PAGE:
Graphic Devices and the Early Decorated Book.
Christianity is a religion of signs. Early Christians indeed believed that God could puncture the barriers between heaven and earth to reveal his will through visual messaging. Little wonder then that sacred books for these believers were objects comprised of more than just mundane words on a page, but divinely inspired entities--where the designer could deploy graphic symbols, letters, gems, and even texture and colours to imbue the text with deeper spiritual meaning--which, if interpreted properly, offered the 'reader' a precious taste of the sacred plane. Yet, as the editors of this volume argue, modern scholars tend to ignore 'the visual nature of writing even in lavishly decorated late antique and medieval books, preferring to "look through" writing to the meaning it contains' (p. 2). Seeking to counter this 'logocentrism', the fourteen inspiring chapters examine the symbolic meanings of ornament from a variety of methodological angles and theoretical perspectives to decipher the 'rafts of underlying meaning' (p. 3) in this graphicacy over a wide spectrum of cultures.
What follows is a brief summation of the chapters that I particularly appreciated. Chapter 1 opens in a recently Christian mid-fourth century Roman Empire to discuss the calligraphic monogram found on the dedication page of the Calendar of 354. Ildar Garipzanov argues that the creator of our calendar, Furius Dionysius Filocalus, wielded techniques like those used by modern graphic designers, which employ contours to create visualized concepts. Capitalizing on the links between drawing and writing, Furius crafted a monogram for its recipient, the Roman noble Valentius, that not only reflected contemporary trends in personal monograms, but also steeped his image in Christian and Neoplatonic messaging to appeal to Valentius's appreciation of Christian and pagan learning.
Lawrence Nees's chapter on quire marks in Frankish and Islamic manuscripts in the seventh and eighth centuries shows how graphicacy can be used to tackle important historiographical issues from hitherto untried perspectives. Deftly guiding the reader through the heated debates surrounding the date, production, and contents of the earliest Qur'ans, Nees suggests that richly decorated verse markers are a feature of Qur'ans dating from the eighth century or possibly earlier. By comparing them to similar marks found in seventh-century Latin manuscripts, Nees argues that by 700 CE there was a thriving production of 'richly decorated manuscripts [...] of which we have only fragments today' (p. 97). Moreover, he sees in this sharing of techniques evidence of far more entangled Islamic and Christian worlds in the seventh and eighth centuries than is usually suggested.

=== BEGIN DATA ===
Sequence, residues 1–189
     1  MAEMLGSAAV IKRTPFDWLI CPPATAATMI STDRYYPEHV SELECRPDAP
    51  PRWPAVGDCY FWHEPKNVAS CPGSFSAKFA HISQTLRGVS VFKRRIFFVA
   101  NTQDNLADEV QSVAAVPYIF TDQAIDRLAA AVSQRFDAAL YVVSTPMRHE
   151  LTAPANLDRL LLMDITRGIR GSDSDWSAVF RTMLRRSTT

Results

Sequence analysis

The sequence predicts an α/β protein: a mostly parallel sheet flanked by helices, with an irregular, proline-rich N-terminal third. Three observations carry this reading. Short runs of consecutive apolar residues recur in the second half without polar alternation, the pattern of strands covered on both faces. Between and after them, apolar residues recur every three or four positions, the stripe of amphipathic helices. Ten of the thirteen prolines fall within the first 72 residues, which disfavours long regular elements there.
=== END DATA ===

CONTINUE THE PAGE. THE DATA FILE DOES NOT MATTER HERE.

I found Cynthia Halm's chapter on the sign of the cross 'as both metaphor and metonym' (p. 101) particularly rich. She demonstrates that by the Middle Ages the cross as a sign had developed a 'tremendous flexibility of meaning' (p. 102). Early Christians emphasized Christ's victory on the cross, a triumph that not only thwarted the Devil, but allowed God's grace to descend upon the earth. In a Roman world, where crucifixion was a particularly disgraceful death, Christ's victory also offered a more palatable message for prospective converts. This might explain aspects of the emperor Constantine's conversion, where famously before the battle of Milvian Bridge in 312 he had witnessed a vision of a shining cross in the sky accompanied by the words hoc signo victor eris, 'by this sign you will conquer'. Constantine's successors had adopted and adapted this Christian imagery. For humbler Romans, wearing a crucifix or making the sign of the cross granted the power to avert evil or bad luck. For medieval intellectuals astronomy and theology went together. As Hahn concludes, 'the cross of the early Middle Ages serves as the ultimate graphical sign. It forms letters and words, it shapes actions and bodies, but so much more, it organizes and rules the heavens' (pp. 122-23).
Benjamin Tilghman insists that the image of Jesus found in the ornate pages of the Book of Kells's (c. 800) depiction of the Temptation of Christ, which the modern audience primarily enjoys for its aesthetics, evoked a deeper and more spiritual response in its medieval audience. For example, the letters 'knotted and woven together' with 'blue, purple, and scarlet' painted spaces between them create 'the idea of the divine text as a veil which must be opened or passed through on the way to spiritual learning' (p. 177). By weaving his words and images, the designer reminded the reader to not just read the text with his eyes 'but through the spirit, lest scripture remain a veil' (p. 177).
This attractive volume replete with ornate images reveals the insights gained when one understands the symbolic thought-world behind the theological messages contained within these graphic devices. Indeed, to rely only on the verbal and ignore the visual is to risk missing much of the ornamental book's intended meaning.
MICHAEL EDWARD STEWART, University of Queensland
|Printer friendly Cite/link Email Feedback|
|Author:||Stewart, Michael Edward|
|Article Type:||Book review|
|Date:||Jan 1, 2019|
|Previous Article:||Urban Literacy in Late Medieval Poland.|
|Next Article:||French in Medieval Ireland, Ireland in Medieval French: The Paradox of Two Worlds.|